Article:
With a vintage sound that is at once cinematic and captivatingly intimate, NYC-based singer-songwriter Alexa Dark reveals her signature sound for the first time with her debut single “Fade to Black and Blue.”

Defying genre with musical dexterity, Alexa Dark draws inspiration from her transient, multicultural upbringing and eclectic musical taste. She was raised between Spain, Germany and London. While growing up in London, Dark began writing her own songs and poetry in her early teenage years. 

Influenced by a broad range of artists such as Françoise Hardy, Jack White, Portishead, and Patsy Cline, she began performing live in London both solo and with different bands. On these stages, she was able to hone her artistic direction and arrive at her unique sound and presence.

​​Tell us about the genesis of your project. How did you get to where you are now?

I began writing songs at a young age, and shortly after started performing both solo and with different bands during my teen years. On stage I was able to hone my sound and creative direction, experimenting and arriving to the era I’m currently in. I wrote and recorded this material in New York City with my producer Matt Chiaravalle, which is really exemplary of where I’m at right now as an artist. 

How would you describe the highs and lows of being an artist? 

I think something that hinges so much on being creative is bound to have a lot of highs and lows. I’ll get waves of inspiration, moments of a high performing to an amazing crowd – and other times where I feel I can’t express what I need to, or something doesn’t go the way I’d hoped. Ultimately, I think it’s about riding those highs and lows and taking it all as part of the journey.

Who are your all time musical icons?

I love a lot of the French 60’s pop artists like Serge Gainsbourg, who’s use of instrumentation and production is an inspiration to me when I’m recording. I also love Joni Mitchell, who uses her voice and lyrics in such a powerful way. Elliott Smith is one of my favorite artists and has been a key influence on me as a songwriter. The darkness and vulnerability in his songs hits me in a way few other artists do. 

What are some sources of inspiration for you?

One big source of inspiration for me is travel. I was raised in different countries and in a household of different cultures, where I was exposed to sounds, artists, languages, and styles I would have otherwise never known. All of those things combined have influenced everything from my lyrics, to the instruments used in the song, to the production of the track. Another source of inspiration for me is film, especially certain eras and genres like French new wave films. For me, music and visuals are so intertwined – when I write music I feel like I’m sound-tracking a moment or feeling.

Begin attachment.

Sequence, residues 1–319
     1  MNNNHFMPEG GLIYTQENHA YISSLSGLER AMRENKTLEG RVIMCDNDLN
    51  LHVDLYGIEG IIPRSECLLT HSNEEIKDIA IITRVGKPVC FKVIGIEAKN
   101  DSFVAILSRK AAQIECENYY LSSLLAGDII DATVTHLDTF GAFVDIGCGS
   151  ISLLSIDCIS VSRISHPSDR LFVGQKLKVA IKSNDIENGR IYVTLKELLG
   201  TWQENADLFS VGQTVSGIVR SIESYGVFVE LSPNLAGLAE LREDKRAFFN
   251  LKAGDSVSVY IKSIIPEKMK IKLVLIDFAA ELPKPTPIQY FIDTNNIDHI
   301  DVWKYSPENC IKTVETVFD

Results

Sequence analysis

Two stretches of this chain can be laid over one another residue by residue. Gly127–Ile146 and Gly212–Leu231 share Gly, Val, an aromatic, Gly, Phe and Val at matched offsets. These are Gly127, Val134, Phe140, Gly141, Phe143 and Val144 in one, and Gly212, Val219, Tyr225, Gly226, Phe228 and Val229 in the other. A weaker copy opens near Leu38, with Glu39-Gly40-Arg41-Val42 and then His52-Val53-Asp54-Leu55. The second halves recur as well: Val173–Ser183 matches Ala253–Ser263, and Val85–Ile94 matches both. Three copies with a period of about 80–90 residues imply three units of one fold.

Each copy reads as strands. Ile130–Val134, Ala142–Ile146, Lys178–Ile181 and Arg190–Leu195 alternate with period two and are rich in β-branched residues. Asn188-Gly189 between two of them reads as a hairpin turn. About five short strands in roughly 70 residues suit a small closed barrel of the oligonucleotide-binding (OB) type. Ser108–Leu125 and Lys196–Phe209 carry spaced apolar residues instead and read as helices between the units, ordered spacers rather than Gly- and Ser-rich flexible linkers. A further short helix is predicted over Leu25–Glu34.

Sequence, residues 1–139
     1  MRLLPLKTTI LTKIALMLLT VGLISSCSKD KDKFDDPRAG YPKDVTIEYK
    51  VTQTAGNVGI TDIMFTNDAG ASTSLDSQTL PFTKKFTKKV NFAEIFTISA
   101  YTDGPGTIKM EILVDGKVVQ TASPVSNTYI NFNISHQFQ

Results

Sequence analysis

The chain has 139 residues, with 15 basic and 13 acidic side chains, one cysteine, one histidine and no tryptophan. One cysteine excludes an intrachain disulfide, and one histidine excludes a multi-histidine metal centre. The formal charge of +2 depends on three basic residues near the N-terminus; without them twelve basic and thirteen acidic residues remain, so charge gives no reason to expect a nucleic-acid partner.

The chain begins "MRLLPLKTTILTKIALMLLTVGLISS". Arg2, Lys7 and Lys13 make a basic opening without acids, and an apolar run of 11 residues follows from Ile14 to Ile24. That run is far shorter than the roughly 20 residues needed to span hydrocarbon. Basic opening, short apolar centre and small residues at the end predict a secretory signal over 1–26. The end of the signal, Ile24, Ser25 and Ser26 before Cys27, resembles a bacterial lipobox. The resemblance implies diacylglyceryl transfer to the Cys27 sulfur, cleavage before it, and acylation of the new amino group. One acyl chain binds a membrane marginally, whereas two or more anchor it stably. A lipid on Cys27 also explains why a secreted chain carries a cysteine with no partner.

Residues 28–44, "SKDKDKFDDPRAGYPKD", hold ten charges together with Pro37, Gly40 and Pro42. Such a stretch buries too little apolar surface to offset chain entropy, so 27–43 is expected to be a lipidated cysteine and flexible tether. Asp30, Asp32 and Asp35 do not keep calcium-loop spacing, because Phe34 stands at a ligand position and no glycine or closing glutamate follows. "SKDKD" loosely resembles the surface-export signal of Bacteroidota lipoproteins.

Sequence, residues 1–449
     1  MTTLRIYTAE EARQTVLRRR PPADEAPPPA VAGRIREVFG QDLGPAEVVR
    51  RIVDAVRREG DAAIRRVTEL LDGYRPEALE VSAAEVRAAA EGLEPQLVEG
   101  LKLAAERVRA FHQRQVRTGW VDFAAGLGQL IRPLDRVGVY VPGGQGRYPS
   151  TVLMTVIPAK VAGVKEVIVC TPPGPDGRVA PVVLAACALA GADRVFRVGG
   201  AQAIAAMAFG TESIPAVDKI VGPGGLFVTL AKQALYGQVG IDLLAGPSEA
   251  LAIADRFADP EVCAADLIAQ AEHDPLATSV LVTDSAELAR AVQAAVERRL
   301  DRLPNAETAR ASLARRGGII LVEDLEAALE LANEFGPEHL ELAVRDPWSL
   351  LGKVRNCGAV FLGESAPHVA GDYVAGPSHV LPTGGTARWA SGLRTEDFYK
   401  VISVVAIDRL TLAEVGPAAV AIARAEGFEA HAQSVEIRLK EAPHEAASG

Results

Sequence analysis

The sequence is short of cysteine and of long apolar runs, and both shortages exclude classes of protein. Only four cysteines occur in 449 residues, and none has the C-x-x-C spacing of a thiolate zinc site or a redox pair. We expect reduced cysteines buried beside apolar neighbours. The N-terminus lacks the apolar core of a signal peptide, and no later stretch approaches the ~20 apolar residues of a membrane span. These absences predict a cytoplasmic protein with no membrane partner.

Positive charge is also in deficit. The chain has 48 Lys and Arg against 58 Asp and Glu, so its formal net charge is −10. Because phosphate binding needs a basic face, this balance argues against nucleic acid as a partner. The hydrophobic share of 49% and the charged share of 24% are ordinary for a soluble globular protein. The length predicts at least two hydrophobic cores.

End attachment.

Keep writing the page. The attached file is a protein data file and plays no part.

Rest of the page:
Favorite activity to blow off some steam?

I love walking around the city and listening to music. In New York City there’s always something happening at every corner and such beauty to get sucked into. I feel like I’m in my own little movie. 

Tell us about your latest release and how it came about.

My producer Matt Chiaravalle sent me an idea for a chord progression one night when I was alone in my New York City apartment. I was inspired immediately when I heard it. It truly captured what I was feeling in the moment. I sat down to write to it, and the words just flowed out of me. 

What are some things you do to deal with anxiety and creative blocks?

I think one of the scariest things about being an artist is facing creative blocks. I try to get myself into a ritual when I’m in one of those, deliberately setting time aside to write. Even if it’s just a few pages of nonsense, the practice of getting pen to paper allows me to continue making something without anxiety or expectation of it being great.

What’s the future looking like for you?

Releasing new music soon, playing more shows, and writing lots more.

Who inspires your style and aesthetics?

I’m probably most inspired by the style and aesthetics of the French 60’s, the films and music of the time. Artists like Serge Gainsbourg and film directors like Jean-Luc Godard not only tell a story but build a whole world around their art.

What do you think is the best way to make it as an artist nowadays?

More than ever, there are so many avenues to connect with fans and grow as an artist. I think ultimately it’s about being authentic and putting out music that means something to you.

Where do you think the music and entertainment industry is headed after this past year?

The events of the past year have both imposed so many restrictions and opened up many paths for artists to put out music and build our community. It’s been a total change up as far as how music is made and distributed, but I also think it also forced the industry to pay more attention to what the fans want.